It might be nice to have the athletic skills of a professional athlete, and it sure might be nice to be paid like a professional athlete. However, I am grateful I don’t have to answer to the media like a professional athlete does. I don’t have to answer for that missed catch, tackle, pitch, field goal, penalty shot, or corner kick. I also don’t have to answer to the media for any skeletons in my closet. I’ve never had to have a press conference about my personal life. I’ve never had a speeding ticket that was a headline on the news the next day.
Now I’ve never been inside a meeting between a team owner and a player, but I imagine there are conversations that happen expressing to the player, “Do not embarrass this organization.” The team leaders don’t want the media frenzy and drama of criticism that takes place when an athlete makes headlines for compromising situations. I’m sure the Cleveland Browns wanted to be answering more questions about Johnny Manziel’s athletic ability more than answering about his partying, or about Josh Gordon’s suspension. I’m sure the New York Yankees would like to never hear another question about Alex Rodriguez steroid controversy again. In fact some organizations will stay away from players that will only draw a media circus. I can’t imagine Tim Tebow would be unemployed by a football franchise if his presence didn’t automatically bring headlines and unnecessary press time.
There are reasons guys like Adrian Peterson, Derek Jeter, Peyton Manning, Rafael Nadal, Tim Duncan, and Kevin Durant are all known as franchise players and sports spokesmen. Their media attention is mostly positive. However, if one of them did have a moral fall, or became involved in some scandal, I am sure their public images would be reshaped fairly quickly in a different light as portrayed by the media. However from all public personification, these athletes represent their families, teams, and sports as well as they possibly can.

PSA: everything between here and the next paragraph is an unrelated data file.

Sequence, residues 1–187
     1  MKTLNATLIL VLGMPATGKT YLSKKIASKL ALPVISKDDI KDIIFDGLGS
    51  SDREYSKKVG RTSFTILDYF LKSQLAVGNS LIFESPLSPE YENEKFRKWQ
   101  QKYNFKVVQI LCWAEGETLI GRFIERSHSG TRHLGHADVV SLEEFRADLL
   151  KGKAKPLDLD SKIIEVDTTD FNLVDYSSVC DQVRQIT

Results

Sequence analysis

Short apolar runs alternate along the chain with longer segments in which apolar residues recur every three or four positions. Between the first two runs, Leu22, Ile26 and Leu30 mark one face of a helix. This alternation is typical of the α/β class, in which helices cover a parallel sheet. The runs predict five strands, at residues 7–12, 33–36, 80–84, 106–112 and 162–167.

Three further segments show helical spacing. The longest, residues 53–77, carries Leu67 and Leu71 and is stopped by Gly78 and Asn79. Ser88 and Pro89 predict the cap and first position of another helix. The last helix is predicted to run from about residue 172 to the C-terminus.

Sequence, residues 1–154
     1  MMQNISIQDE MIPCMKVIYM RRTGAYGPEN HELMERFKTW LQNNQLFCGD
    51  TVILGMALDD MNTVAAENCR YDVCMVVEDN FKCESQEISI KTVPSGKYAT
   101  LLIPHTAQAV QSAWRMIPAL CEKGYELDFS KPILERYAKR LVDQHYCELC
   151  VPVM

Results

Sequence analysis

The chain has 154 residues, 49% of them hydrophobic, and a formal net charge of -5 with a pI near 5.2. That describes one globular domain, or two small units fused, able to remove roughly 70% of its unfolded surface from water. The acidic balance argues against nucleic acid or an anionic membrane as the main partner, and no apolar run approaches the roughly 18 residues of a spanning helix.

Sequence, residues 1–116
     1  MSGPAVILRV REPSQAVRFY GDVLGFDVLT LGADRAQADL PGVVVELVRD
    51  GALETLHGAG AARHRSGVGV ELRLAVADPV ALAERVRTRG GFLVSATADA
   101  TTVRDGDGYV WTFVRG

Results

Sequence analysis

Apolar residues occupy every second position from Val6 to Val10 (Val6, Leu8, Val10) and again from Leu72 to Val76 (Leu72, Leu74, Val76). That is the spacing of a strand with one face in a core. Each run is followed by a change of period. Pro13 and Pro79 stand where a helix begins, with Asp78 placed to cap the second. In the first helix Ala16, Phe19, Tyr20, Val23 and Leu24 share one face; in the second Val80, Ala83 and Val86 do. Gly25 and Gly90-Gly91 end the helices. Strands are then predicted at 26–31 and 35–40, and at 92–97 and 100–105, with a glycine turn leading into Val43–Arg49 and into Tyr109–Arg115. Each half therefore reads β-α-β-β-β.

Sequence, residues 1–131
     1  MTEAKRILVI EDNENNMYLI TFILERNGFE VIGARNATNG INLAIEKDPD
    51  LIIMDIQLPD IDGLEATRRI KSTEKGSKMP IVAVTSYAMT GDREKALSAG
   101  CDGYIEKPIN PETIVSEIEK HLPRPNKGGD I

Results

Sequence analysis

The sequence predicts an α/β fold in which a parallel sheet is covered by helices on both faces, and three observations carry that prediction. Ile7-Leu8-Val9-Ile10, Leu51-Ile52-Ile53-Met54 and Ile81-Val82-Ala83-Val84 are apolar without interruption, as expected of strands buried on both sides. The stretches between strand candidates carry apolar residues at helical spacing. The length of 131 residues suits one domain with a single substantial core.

As Christians I think our public image has been taking hits. When we allow ourselves to think we only represent ourselves, I think we make a great mistake. We represent our God in the way we work, socialize, and especially in our treatment of other people. If the media was covering my next day of life, I wonder if they would have a lot of positive things to say, or if the headlines would be shameful or embarrassing. A major difference that can be determined, however, is that although a franchise decide a player wouldn’t be a good addition because of their public image, or that he or she may be a headache to coach, or maybe they have issues with the law, God handles His franchise a little differently. He doesn’t care about our headlines, He’s not afraid to bring us in. He wants us on His team despite our flaws. Whether we are a franchise player or a role player, He is just as forgiving and loving. That is the type of organization I would like to be a part of. Its not an organization at all, it’s a kingdom, and one that I desire to represent.
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